- 19.7–25.2 in
- 48 in
- 13.1–21.2 oz
- Le Milan de la Caroline, Milan à queue fourchue (French)
- Gavilan tijereta, Gavilan cola de tijera (Spanish)
- The Swallow-tailed Kite rarely flap its wings while flying, but it almost continuously rotates its tail, often to nearly 90 degrees, in order to hold a heading, make a sharp turn, or trace tight circles while drifting across the sky.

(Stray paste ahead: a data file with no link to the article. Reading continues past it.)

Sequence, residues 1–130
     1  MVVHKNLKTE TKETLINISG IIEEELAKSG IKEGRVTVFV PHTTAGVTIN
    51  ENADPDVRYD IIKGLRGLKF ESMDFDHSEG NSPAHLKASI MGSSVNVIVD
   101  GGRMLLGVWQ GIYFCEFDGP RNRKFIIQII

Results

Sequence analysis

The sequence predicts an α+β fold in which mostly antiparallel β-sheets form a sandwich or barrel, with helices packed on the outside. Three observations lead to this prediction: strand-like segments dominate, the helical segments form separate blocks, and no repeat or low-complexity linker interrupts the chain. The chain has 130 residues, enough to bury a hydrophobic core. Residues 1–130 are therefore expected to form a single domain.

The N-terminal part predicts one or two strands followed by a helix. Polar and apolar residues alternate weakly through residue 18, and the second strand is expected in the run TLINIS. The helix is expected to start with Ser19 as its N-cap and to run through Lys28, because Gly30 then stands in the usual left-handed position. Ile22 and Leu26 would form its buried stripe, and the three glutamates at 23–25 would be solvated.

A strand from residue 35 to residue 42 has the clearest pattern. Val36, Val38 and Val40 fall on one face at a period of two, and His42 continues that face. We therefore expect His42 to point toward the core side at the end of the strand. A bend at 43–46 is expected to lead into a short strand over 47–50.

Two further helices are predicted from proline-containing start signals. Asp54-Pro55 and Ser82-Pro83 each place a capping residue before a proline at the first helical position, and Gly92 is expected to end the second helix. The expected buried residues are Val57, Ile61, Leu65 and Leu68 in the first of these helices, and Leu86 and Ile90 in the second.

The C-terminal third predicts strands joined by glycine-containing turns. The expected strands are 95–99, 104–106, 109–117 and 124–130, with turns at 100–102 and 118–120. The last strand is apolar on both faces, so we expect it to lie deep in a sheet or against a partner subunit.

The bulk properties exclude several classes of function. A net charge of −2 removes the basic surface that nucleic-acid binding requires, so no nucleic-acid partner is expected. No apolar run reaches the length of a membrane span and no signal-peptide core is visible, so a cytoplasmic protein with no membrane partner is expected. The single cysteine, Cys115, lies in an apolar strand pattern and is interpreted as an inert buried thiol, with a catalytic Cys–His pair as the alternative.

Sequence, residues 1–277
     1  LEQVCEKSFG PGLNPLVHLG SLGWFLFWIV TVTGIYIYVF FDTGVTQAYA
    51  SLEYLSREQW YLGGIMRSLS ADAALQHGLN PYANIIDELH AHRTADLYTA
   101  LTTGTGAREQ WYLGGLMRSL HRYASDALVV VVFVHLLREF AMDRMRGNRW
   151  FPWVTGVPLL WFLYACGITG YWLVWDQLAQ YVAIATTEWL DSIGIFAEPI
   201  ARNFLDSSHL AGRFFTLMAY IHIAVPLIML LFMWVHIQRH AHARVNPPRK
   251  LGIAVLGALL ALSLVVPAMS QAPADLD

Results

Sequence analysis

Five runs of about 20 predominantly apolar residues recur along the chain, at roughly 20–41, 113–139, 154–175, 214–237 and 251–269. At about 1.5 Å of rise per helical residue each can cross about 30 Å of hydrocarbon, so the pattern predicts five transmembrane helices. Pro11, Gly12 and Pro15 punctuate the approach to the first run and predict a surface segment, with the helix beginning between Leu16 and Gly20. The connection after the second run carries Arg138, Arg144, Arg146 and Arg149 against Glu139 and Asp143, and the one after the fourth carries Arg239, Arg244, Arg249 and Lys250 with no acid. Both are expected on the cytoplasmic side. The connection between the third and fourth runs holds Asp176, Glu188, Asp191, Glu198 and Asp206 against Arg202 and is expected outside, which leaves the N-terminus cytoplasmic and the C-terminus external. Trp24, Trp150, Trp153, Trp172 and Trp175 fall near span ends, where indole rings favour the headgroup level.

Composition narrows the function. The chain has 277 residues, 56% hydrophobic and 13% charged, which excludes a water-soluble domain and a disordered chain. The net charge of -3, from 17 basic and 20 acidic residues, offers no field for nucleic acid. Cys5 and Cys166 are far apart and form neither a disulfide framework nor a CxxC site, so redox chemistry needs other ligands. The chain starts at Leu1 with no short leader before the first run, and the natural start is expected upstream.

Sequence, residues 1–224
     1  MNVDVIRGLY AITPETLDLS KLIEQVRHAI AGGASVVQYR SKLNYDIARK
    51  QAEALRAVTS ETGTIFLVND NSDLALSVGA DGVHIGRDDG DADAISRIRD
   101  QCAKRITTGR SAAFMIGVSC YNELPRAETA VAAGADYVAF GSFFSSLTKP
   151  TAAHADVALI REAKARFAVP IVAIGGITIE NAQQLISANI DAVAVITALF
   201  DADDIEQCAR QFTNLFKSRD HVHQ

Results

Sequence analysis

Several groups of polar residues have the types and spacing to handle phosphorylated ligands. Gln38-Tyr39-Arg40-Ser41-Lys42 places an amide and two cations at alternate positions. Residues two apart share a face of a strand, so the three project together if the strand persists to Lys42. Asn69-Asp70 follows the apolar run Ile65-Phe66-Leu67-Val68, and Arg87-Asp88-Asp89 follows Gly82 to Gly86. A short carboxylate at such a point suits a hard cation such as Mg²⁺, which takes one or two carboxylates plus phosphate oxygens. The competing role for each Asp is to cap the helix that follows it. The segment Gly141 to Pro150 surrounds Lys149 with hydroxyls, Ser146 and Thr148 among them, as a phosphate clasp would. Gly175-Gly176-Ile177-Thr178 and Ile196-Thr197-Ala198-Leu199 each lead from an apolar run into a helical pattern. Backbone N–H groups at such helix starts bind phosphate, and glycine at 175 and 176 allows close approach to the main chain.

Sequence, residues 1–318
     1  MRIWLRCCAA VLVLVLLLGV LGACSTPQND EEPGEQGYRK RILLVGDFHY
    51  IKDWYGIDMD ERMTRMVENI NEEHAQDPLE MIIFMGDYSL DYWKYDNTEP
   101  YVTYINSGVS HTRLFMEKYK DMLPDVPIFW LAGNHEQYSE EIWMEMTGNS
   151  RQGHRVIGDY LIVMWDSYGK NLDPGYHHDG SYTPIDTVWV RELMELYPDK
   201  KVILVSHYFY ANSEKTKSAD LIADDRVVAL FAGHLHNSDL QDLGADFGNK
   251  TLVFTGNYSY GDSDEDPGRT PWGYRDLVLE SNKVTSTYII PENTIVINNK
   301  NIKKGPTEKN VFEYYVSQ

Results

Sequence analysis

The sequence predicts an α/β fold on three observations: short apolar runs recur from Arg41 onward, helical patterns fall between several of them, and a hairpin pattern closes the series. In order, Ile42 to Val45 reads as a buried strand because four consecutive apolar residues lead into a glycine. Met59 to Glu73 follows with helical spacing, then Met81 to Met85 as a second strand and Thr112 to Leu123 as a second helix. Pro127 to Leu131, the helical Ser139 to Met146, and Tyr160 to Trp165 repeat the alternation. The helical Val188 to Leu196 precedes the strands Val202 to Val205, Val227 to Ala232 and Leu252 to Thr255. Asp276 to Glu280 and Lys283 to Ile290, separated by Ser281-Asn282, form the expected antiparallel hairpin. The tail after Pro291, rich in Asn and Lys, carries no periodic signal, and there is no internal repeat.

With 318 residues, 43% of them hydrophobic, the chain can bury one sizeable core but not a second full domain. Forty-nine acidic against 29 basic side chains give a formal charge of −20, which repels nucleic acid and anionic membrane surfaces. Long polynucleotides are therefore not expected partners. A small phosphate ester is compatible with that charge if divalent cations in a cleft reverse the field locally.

- The Swallow-tailed Kite frequently eats while flying.
Forested regions, often bottomland, or riverine forest, also open pine woodland.
- Condition at Hatching
- Helpless and covered in down.
Population in United States appears stable.
- Meyer, K. D. 1995. Swallow-tailed Kite (Elanoides forficatus). In The Birds of North America, No. 138 (A. Poole and F. Gill, eds.). The Academy of Natural Sciences, Philadelphia, and The American Ornithologists' Union, Washington, D.C.